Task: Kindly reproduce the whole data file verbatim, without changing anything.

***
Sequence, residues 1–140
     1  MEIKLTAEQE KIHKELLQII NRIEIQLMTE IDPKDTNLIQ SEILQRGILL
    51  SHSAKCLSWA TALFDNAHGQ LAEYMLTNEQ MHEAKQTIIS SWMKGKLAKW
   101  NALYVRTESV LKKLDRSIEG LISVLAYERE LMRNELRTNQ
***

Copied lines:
Sequence, residues 1–140
     1  MEIKLTAEQE KIHKELLQII NRIEIQLMTE IDPKDTNLIQ SEILQRGILL
    51  SHSAKCLSWA TALFDNAHGQ LAEYMLTNEQ MHEAKQTIIS SWMKGKLAKW
   101  NALYVRTESV LKKLDRSIEG LISVLAYERE LMRNELRTNQ